On Wednesday the Marquette Law School poll showed Wisconsin Governor Scott Walker with a comfortable lead over his rival, former Milwaukee mayor Tom Barrett, in next week’s recall election, 52 percent to 45 percent. This was an improvement from their poll taken two weeks earlier when Walker held a six-point lead over Barrett. It was also confirmed by a poll taken on May 23 by We Ask America that showed Governor Walker leading Barrett 54 percent to 42 percent. More telling perhaps was the Intrade site which measures voter sentiment and showed Walker on Thursday with a 94.5 percent chance of winning the recall election.

The recall election process began in November last year when United Wisconsin, a coalition of unions and the state’s Democratic Party, decided to go after Walker because of his success in passing Act 10. That law limited unions’ collective bargaining powers and required that union members pay a little more for their health insurance and retirement benefits. Specifically, Act 10 required members to contribute 12.6 percent of their health care premiums (with the taxpayers picking up the balance of 87.4 percent) and 5.8 percent of their pension costs (with taxpayers picking up the remaining 94.2 percent).

Even after these increases, a study by the American Enterprise Institute showed that state government employees in Wisconsin are still enjoying a significant

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Wisconsin Recall Election to be Shaped by Job Numbers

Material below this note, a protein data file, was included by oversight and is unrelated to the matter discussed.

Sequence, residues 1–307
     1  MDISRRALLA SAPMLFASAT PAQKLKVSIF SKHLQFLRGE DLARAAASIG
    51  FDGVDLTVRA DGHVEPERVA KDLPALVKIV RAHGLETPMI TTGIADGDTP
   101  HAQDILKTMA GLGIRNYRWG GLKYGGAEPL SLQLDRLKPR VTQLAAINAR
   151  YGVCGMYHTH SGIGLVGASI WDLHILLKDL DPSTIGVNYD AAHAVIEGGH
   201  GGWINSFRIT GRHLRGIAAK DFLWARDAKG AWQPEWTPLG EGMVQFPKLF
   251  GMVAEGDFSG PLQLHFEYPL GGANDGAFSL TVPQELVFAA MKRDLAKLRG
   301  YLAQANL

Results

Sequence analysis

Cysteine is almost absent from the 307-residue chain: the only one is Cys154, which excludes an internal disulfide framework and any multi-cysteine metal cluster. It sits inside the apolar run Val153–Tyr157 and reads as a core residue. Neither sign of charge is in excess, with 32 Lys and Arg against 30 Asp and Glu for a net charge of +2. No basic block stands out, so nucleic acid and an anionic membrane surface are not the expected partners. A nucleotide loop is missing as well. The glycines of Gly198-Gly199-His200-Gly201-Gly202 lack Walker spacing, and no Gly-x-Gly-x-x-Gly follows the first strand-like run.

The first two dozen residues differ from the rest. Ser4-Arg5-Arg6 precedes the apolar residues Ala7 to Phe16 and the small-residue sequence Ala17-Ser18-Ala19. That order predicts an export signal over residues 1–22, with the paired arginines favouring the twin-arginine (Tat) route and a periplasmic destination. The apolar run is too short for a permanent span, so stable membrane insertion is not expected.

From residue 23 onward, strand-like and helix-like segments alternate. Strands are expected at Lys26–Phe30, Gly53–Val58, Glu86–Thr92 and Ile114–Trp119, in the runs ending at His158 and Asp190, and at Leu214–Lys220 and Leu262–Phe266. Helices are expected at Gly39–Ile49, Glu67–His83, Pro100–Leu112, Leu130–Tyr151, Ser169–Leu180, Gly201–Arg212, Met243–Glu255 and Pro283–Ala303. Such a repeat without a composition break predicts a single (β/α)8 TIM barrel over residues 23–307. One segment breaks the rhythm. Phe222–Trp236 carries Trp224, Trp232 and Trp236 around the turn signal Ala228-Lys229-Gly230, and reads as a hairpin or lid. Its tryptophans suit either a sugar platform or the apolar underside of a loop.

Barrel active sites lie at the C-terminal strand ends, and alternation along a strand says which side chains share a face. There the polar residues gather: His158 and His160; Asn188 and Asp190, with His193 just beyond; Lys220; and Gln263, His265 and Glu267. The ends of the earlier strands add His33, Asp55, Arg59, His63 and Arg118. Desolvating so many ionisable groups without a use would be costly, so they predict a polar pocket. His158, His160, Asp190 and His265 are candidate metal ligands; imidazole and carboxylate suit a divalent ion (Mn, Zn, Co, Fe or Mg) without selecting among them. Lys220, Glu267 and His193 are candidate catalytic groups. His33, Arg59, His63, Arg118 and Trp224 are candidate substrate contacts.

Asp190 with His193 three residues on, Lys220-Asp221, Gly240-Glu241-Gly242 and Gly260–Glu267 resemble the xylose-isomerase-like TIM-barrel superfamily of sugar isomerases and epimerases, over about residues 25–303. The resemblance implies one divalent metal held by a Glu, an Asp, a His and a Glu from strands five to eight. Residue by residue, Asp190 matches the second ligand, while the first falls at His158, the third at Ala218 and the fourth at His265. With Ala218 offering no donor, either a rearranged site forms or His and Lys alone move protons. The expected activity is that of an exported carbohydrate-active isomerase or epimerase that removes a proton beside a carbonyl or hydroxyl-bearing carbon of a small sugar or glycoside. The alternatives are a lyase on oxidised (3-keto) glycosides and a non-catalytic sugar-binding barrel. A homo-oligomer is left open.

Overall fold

Scott Walker on February 18, 2011

With little more than a month to go until Wisconsin Governor Scott Walker faces his recall vote, unions and their supporters are pulling out all the stops to replace him with one of their own.

Writing for the pro-union newsletter The Progressive, its political editor Ruth Conniff decried every major piece of “Act 10”—the highly contested Budget Repair Bill that Walker finally got passed by the Wisconsin legislature last March—saying that “If you want a preview of the Mitt Romney/Paul Ryan plan for America, take a look at Wisconsin:

  • Huge tax breaks for corporations….
  • Deep cuts to health care, education, unemployment insurance….
  • Rolling back…protections and…regulations….
  • Waging war on labor unions, taking away public employee’s collective bargaining rights….

So where does this blueprint leave us?

Wisconsin is now dead last in the nation, according to the Bureau of Labor Statistics, for job loss.

Between January 2011 and January 2012, while 44 states and the nation as a whole were adding jobs, Wisconsin was one of only six states to lose jobs—and Wisconsin’s job loss was the worst among that handful of losers.